Other more urgent challenges: Fix Metro. While housing is definitely an important issue, the region is currently grappling with a more immediate challenge—Metro. Local elected officials, business leaders and community members are focused on making sure Metro remains a viable transit system. There seems to be little opportunity to use this possibility as a way to bring stakeholders together to work more generally on regional issues.
Despite the hurdles with a formal regional initiative around affordable housing, there are several things that advocates, developers, planners and other stakeholders can do to keep the attention on the region’s housing needs and to move towards a more coordinated approach to expanding housing options throughout the metropolitan area.
Collaborate in some way on fair housing assessments: Under HUD’s new Affirmatively Furthering Fair Housing rule, local jurisdictions must use new data, and follow a new process, for assessing fair housing issues and identifying strategies for expanding housing options. Currently, there are no federal requirements or local pushes for a regional fair housing assessment. However, there may be opportunities for housing planners and other stakeholders from local jurisdictions—with leadership from the Metropolitan Washington Council of Governments (MWCOG)—to work together to analyze HUD-provided data and assess regional conditions as part of local fair housing assessments.
Share best practices across localities. In addition, regional organizations, including the MWCOG, the Greater Washington Housing Leaders Group and HAND, should continue to find ways to bring area housing planners and elected officials together to talk about local land use and effective financial strategies used in their communities to facilitate the production and/or preservation of affordable housing. These meetings should go beyond the high-level program descriptions and discuss the nuts and bolts of garnering support, implementing the program and following through on measuring outcomes.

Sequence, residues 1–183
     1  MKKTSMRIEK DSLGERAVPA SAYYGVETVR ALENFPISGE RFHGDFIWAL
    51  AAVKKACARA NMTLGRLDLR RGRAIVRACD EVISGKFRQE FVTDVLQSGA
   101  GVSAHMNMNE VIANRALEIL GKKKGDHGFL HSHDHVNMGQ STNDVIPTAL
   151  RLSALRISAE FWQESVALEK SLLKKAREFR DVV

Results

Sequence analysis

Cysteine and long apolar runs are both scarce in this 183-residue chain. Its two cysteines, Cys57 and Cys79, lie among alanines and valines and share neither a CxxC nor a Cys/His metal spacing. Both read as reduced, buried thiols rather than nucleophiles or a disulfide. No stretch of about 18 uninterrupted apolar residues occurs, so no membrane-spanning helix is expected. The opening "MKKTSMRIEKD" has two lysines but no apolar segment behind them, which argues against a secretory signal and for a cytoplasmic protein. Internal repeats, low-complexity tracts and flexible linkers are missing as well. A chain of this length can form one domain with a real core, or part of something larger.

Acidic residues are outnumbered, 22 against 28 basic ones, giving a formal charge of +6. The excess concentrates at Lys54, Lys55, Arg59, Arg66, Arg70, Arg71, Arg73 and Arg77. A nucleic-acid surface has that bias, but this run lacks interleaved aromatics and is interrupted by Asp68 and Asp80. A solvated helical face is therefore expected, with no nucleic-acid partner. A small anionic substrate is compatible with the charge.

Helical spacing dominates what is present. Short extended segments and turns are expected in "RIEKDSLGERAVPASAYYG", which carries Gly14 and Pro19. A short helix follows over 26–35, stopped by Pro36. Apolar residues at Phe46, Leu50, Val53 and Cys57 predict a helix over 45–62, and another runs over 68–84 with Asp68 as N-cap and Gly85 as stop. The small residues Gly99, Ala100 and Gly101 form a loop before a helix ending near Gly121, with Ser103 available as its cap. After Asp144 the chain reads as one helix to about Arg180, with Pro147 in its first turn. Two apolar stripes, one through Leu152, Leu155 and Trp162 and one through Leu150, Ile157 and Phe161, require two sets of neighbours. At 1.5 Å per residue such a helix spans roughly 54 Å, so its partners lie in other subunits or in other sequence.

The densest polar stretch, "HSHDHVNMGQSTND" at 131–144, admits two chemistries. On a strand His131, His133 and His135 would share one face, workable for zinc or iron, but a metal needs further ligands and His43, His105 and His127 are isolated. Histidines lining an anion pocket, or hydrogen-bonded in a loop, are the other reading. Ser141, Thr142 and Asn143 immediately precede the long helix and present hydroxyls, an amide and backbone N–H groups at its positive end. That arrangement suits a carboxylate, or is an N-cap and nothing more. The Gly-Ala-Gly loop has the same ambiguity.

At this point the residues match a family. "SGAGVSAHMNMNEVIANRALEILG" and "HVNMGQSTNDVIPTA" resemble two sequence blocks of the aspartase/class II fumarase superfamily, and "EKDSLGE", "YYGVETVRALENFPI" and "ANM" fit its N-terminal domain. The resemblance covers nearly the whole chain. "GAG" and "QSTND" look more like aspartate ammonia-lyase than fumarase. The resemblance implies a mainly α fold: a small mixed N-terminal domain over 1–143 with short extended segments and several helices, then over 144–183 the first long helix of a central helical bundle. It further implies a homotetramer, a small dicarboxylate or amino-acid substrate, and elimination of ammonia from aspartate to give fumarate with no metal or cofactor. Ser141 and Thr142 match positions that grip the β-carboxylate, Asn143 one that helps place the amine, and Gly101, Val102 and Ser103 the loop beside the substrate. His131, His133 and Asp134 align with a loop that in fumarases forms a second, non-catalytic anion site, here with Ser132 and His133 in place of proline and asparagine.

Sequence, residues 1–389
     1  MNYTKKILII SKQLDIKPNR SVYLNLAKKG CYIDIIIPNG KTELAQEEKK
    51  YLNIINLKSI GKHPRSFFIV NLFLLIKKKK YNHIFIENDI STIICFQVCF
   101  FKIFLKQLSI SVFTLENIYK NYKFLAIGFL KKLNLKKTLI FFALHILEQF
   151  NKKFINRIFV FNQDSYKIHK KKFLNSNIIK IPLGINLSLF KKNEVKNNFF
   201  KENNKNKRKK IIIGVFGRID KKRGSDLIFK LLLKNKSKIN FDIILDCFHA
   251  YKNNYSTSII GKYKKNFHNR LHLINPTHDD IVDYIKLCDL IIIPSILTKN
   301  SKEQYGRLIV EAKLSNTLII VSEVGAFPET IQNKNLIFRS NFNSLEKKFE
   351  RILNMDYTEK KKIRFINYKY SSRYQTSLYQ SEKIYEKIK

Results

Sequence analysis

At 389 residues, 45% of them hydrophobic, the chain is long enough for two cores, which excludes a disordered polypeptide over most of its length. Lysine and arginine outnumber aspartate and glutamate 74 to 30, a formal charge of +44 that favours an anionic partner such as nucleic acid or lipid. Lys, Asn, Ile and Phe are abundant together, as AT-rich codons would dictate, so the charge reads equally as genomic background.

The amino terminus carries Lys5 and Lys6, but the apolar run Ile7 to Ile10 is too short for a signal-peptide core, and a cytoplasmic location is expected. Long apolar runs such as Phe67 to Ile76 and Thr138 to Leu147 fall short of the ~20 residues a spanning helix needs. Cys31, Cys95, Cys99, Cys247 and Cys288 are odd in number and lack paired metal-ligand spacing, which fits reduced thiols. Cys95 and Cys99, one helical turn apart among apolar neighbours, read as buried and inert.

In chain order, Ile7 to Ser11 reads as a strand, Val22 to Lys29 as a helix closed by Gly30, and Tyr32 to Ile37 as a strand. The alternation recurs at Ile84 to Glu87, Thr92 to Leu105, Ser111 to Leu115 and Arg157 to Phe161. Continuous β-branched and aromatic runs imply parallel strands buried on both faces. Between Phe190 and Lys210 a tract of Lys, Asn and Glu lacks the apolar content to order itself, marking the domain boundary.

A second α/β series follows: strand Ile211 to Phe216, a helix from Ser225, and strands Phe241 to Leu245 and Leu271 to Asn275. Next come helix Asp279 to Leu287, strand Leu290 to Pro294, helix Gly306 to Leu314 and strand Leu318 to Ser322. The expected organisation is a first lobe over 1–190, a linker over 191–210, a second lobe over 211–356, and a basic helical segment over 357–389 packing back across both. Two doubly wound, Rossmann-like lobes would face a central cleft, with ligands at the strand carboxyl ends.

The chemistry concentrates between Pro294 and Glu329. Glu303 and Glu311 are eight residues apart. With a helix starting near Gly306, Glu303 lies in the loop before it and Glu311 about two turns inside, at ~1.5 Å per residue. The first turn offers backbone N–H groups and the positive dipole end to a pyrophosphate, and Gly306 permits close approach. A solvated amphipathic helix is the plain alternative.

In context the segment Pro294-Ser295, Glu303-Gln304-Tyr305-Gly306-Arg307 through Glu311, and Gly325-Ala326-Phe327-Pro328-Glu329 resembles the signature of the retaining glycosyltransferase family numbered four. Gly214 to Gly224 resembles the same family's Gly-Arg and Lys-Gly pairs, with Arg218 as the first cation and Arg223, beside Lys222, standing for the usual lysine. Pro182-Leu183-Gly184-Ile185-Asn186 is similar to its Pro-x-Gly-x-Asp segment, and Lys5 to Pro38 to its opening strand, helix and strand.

Learn more about how to communicate. We are probably not going to come up with a new approach to housing that has never been tried before. In fact, the local jurisdictions in the Washington, D.C. area tend to be leaders on affordable housing policy among communities across the country. Instead, we need to focus less on documenting the need (it’s considerable!) or identifying best practices (we know what they are!) but rather on how to communicate with residents, neighbors, community groups and elected officials to make a better case for action—both at the local and regional levels—especially considering there are so many competing needs and conflicting priorities.
Achieve small regional successes. Although a large-scale regional housing initiative in the Washington, D.C. region might be a long-term goal, in the immediate future there are opportunities for local jurisdictions to work collaboratively on a smaller scale. Last year, the District of Columbia, Prince George’s County and Montgomery County agreed to work together towards eliminating homelessness. Other potential regional efforts could involve a subset of local jurisdictions to advocate for at the state-level. Successful, smaller initiatives can help build trust among local leaders and lay the groundwork for more comprehensive regional housing efforts.